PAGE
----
|One imagines the fairy hill of the story to be the cairn at Kintraw.
Many years ago, the wife of the farmer at Kintraw fell ill and died, leaving two or three young children. The Sunday after the funeral the farmer and his servants went to church, leaving the children at home in charge of the eldest, a girl of about ten years of age. On the farmer's return the children told him their mother had been to see them, and had combed their hair and dressed them. As they still persisted in their statement after being remonstrated with, they were punished for telling what was not true.
The following Sunday the same thing occurred again. The father now told the children, if their mother came again, they were in inquire of her why she came. Next Sunday, when she reappeared, the eldest child put her father's question to her, when the mother told them she had been carried off by the "Good People" (Daione Sìth), and could only get away for an hour or two on Sundays, and should her coffin be opened it would be found to contain only a withered leaf.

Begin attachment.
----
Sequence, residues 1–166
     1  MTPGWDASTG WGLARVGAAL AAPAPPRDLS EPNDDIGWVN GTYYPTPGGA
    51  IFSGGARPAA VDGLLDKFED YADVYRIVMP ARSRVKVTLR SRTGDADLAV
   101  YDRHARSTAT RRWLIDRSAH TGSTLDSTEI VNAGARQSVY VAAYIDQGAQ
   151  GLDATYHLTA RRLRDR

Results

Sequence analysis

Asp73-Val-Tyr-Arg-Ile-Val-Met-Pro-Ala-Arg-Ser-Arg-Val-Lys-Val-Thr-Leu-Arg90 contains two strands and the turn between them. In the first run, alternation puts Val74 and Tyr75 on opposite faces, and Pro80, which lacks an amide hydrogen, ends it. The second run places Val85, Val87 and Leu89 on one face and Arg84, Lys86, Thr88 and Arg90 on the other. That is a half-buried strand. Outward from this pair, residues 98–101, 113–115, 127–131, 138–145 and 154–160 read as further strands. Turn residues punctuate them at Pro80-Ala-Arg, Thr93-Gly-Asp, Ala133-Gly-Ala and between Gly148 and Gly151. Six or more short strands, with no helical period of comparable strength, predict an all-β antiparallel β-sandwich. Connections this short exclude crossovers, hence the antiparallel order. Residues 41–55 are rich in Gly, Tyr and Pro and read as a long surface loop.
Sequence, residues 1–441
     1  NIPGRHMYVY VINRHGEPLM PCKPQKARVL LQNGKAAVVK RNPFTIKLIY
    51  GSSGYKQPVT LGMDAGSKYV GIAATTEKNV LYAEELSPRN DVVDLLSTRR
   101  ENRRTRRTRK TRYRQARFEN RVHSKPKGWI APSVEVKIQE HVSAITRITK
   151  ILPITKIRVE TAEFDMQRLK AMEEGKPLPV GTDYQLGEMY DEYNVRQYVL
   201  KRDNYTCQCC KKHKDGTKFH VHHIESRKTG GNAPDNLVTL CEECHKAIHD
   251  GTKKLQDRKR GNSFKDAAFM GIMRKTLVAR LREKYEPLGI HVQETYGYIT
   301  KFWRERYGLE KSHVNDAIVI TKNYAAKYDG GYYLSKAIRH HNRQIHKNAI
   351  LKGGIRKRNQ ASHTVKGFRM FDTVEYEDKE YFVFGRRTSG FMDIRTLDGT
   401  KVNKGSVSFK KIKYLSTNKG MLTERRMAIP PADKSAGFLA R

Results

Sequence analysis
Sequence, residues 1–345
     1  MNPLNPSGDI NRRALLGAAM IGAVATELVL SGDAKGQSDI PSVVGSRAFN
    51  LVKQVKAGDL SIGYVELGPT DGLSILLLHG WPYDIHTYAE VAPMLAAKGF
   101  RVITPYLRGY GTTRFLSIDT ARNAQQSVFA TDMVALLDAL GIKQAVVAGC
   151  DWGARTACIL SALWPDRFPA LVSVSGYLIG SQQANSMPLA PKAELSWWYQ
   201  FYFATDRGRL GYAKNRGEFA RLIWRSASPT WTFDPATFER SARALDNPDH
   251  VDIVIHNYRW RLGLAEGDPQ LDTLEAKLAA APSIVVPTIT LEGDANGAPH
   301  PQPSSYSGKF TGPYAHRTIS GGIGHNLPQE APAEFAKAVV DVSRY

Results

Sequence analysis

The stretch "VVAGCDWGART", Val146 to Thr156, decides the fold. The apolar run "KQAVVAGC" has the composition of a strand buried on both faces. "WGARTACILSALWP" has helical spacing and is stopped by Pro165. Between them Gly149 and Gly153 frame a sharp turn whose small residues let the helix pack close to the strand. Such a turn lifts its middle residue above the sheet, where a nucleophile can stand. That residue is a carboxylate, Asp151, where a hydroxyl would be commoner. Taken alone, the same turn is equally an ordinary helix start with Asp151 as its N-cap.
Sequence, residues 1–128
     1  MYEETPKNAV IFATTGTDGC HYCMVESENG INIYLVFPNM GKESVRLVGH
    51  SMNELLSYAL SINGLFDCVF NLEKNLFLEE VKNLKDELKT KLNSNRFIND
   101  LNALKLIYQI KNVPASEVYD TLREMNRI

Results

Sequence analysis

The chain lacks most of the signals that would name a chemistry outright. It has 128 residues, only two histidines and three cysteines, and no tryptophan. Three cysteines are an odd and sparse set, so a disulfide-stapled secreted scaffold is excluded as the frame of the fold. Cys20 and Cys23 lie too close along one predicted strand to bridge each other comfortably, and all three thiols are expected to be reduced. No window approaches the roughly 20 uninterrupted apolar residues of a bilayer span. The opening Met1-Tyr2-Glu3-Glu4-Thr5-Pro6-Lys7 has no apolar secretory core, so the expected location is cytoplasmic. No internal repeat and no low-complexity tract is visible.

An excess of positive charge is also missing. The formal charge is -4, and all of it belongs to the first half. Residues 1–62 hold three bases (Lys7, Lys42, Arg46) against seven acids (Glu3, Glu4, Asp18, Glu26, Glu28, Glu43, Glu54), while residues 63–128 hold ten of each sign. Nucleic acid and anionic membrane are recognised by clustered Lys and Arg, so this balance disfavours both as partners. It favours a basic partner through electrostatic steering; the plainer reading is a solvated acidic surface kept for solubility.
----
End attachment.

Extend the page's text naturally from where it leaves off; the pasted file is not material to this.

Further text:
The farmer, much perplexed, went to the minister for advice, who scoffed at the idea of any supernatural connection with the children's story, ridiculed the existence of "Good People," and would not allow the coffin to be opened. The matter was therefore allowed to rest. But, some little time after, the minister, who had gone to Lochgilphead for the day, was found lying dead near the Fairies' Hill, a victim, many people thought, to the indignation of the Fairy world he had laughed at.
Lord Archibald Campbell, Waifs and Strays of Celtic Tradition, Argyllshire Series, vol. 1 (London: David Nutt, 1889), pp. 71-72.
Campbell's source: Mrs. Annie Thorpe née Miss MacDougall of Lunga, Ardbecknish, Lochow.
online at Folklore and Mythology
Posted by Rhiannon
22nd June 2004ce
Edited 20th May 2005ce